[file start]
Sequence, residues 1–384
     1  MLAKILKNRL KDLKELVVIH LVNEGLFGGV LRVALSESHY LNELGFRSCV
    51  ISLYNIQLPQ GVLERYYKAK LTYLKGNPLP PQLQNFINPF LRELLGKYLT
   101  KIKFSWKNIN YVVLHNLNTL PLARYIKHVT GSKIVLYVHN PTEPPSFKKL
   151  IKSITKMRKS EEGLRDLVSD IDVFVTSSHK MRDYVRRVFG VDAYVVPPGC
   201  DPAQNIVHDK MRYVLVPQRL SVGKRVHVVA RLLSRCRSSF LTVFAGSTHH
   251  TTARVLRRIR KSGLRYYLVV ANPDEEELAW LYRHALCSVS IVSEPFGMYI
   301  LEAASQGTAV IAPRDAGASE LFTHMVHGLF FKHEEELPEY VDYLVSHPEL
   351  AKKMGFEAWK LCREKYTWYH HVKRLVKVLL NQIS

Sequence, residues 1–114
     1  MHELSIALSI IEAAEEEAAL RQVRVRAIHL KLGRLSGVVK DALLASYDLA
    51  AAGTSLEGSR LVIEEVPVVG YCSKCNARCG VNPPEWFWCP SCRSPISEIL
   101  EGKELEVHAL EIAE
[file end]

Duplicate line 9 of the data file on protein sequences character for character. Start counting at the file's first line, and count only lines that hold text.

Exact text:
   351  AKKMGFEAWK LCREKYTWYH HVKRLVKVLL NQIS